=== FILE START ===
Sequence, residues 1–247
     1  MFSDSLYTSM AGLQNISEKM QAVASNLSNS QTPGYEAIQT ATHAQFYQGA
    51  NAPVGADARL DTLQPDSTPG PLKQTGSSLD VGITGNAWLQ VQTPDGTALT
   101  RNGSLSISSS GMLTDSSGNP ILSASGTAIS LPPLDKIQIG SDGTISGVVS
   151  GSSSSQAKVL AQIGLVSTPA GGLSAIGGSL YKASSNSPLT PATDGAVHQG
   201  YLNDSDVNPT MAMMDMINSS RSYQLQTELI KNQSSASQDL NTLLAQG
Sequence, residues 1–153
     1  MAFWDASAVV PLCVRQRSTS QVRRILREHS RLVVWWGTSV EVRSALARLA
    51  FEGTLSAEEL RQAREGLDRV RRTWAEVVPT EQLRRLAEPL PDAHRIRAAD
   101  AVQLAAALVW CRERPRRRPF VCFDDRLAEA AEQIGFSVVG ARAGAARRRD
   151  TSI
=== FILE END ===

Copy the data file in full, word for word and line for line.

Sequence, residues 1–247
     1  MFSDSLYTSM AGLQNISEKM QAVASNLSNS QTPGYEAIQT ATHAQFYQGA
    51  NAPVGADARL DTLQPDSTPG PLKQTGSSLD VGITGNAWLQ VQTPDGTALT
   101  RNGSLSISSS GMLTDSSGNP ILSASGTAIS LPPLDKIQIG SDGTISGVVS
   151  GSSSSQAKVL AQIGLVSTPA GGLSAIGGSL YKASSNSPLT PATDGAVHQG
   201  YLNDSDVNPT MAMMDMINSS RSYQLQTELI KNQSSASQDL NTLLAQG
Sequence, residues 1–153
     1  MAFWDASAVV PLCVRQRSTS QVRRILREHS RLVVWWGTSV EVRSALARLA
    51  FEGTLSAEEL RQAREGLDRV RRTWAEVVPT EQLRRLAEPL PDAHRIRAAD
   101  AVQLAAALVW CRERPRRRPF VCFDDRLAEA AEQIGFSVVG ARAGAARRRD
   151  TSI